Five to Thrive: Planning IT Budgets

As SMEs set budgets where should they focus technology spend? There is no one size fits all solution, but our ideas – and next steps – could inform your discussions.

1/ Cut costs – if you can

Sounds obvious, but where – and by how much? Inflation is driving the cost reduction strategies of 39% of these CFOs but ultimately, a business must focus on (obligatory) nondiscretionary and (aspirational) spending.

Discretionary spend includes new projects, capabilities, or services, and would appear an obvious target for the axe, if cuts are needed. Indeed, this Gartner piece recommends targeting ‘immediate impact’ in your IT budget planning.

But if expansion is part of a wider corporate growth strategy, then it may be a case of finding a better way of doing it. The business can even address nondiscretionary expenses, such as IT infrastructure and operations by reducing usage or improving efficiencies.

2/ Protect what matters most…

IT is a tricky one. While budgets will obviously grow to meet increasing costs and avoid losing market space, any increase is likely to be funnelled in one of two directions.

There’s the forward-thinking innovative businesses that expect and the market demands. It’s no secret that artificial intelligence (AI) and machine learning (ML) are popular with 48% of CIOs and CTOs, according to leading analysts. CIOs in this survey put cybersecurity as the No1 priority, up from the second spot in the previous year.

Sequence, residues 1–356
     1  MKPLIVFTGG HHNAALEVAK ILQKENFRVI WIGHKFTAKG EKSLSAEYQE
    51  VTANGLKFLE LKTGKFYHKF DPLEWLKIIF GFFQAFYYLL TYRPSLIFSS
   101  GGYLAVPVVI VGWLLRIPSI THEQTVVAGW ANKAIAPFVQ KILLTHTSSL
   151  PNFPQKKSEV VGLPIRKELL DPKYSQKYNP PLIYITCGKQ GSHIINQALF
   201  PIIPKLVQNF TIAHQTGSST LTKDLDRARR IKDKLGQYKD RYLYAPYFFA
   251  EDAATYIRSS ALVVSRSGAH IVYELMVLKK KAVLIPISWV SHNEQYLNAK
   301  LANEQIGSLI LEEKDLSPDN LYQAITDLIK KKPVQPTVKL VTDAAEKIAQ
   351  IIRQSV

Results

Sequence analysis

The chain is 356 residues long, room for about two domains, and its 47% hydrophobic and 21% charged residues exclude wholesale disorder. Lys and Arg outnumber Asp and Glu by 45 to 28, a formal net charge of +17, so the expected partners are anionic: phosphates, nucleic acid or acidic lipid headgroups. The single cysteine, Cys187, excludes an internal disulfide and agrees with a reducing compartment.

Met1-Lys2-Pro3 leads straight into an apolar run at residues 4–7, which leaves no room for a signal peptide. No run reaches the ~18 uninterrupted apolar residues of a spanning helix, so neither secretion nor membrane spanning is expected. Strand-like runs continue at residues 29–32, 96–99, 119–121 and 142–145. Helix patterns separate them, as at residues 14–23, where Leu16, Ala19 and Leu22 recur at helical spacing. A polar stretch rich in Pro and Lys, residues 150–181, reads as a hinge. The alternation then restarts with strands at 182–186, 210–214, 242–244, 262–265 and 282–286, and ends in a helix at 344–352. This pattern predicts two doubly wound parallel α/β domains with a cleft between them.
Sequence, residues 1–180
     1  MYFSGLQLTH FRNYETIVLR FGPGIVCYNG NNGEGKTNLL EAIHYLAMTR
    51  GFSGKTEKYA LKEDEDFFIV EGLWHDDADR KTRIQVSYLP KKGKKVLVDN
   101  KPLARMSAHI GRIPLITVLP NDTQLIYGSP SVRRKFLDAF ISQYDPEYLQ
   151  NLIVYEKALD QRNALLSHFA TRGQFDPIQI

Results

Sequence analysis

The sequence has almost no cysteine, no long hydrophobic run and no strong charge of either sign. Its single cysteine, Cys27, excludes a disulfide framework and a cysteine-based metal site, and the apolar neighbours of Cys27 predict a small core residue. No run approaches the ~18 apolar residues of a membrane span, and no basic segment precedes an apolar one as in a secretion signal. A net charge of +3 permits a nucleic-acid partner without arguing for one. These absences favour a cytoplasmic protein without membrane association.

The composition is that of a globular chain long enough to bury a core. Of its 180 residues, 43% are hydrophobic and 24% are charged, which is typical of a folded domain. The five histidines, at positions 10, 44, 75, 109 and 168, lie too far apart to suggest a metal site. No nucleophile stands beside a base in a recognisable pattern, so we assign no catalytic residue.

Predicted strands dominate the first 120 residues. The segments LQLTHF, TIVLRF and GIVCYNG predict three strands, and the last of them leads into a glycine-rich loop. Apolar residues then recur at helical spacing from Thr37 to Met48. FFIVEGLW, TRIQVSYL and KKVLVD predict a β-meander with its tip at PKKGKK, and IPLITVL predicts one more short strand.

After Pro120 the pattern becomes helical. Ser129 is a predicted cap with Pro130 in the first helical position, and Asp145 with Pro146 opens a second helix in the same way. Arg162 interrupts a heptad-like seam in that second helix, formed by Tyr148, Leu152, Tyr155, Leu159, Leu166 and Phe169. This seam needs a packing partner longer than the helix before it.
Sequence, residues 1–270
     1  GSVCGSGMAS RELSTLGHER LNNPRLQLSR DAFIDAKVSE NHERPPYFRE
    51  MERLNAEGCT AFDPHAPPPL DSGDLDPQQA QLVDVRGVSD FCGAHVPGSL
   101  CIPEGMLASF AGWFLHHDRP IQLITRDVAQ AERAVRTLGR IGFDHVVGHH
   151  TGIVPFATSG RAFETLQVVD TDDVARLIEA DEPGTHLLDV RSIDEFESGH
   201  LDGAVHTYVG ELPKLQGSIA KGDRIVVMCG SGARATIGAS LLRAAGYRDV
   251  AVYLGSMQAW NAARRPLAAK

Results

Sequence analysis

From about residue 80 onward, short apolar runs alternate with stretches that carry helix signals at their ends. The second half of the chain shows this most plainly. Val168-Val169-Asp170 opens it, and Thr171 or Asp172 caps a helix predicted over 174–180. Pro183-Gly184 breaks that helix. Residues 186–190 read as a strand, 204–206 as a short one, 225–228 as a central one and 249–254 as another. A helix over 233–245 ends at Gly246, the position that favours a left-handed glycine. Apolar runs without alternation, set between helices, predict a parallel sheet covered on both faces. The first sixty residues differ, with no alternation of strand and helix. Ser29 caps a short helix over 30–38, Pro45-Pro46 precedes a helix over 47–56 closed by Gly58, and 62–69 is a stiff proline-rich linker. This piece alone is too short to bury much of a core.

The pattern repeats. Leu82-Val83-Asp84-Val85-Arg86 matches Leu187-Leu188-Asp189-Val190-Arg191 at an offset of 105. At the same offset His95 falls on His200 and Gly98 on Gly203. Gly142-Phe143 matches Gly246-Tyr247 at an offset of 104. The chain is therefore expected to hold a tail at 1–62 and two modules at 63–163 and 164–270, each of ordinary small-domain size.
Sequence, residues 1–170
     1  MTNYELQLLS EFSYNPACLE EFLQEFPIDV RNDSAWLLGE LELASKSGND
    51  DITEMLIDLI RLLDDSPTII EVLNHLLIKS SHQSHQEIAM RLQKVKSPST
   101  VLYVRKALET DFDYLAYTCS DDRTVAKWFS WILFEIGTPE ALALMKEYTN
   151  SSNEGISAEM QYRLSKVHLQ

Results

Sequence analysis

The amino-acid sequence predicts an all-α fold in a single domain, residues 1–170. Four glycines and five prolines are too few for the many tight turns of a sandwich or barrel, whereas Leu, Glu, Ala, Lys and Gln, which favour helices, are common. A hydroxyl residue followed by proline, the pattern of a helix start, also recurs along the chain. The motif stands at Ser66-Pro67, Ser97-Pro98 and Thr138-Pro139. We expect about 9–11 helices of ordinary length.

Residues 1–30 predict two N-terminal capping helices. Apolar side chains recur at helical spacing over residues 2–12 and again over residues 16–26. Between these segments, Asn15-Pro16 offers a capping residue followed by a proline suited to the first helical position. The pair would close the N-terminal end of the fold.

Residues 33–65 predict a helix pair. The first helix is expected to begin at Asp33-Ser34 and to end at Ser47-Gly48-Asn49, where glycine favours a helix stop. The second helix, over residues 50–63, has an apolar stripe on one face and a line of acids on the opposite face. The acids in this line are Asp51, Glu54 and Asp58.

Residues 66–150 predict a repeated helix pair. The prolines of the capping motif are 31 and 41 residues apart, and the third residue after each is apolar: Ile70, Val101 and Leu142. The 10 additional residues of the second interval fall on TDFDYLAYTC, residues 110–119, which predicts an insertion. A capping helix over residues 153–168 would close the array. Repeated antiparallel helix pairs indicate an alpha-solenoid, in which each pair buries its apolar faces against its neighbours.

3/ … and remove what does not

The direction of IT travel is towards new, powerful technologies and cloud-based services that replace legacy systems and end-of-life applications and redundant software.

The problem is these technologies remain resolutely in place, adding to complexity and expense as older licences drain budget earmarked for future innovation.

“Technical debt sinks real time and money into systems and applications that simply weren’t built for the scale and speed required by modern business,” says this expert.

These archaic technologies also increase cybercrime vulnerability by expanding the attack surface. Reducing this ‘technical debt’ is key to supporting future investment, warns

4/ Skill up (if you can)

While IT is increasingly automated, people are still vital to keeping the systems running and troubleshooting every day, while delivering the innovation the company will need in the future. The problem is that there are more vacancies than people to fill them. The skills gap has long been ‘A Thing’ and it is getting no better.

Having great ideas is one thing; accessing the knowledge, skills and – most importantly – bandwidth to deliver them can be quite another. Automation is some way from doing much beyond sparing our brighter minds from the most repetitive of tasks; delegating your genius, lightbulb moments, even to AI, is not a reality just yet. And some think that is not the smart move anyway.

5/ Get expert help (You can definitely do that)

Purple Crane are an IT specialist SME. We help those SMEs in the business of IT. Our big thing is creating bespoke software that does whatever our customers need it to do. And that could solve many of the challenges above.

Like what?

Purple Crane can be your outsourced IT dept. We resolve the tickets holding you back while you take the business forward. How does that help you? Depends on what you need. As partners, we can support a cloud migration that could access all the efficiency and cybersecurity benefits you need, this or any year.

IT is going to be a constant theme next quarter. Choose an expert adviser.

Share the Post: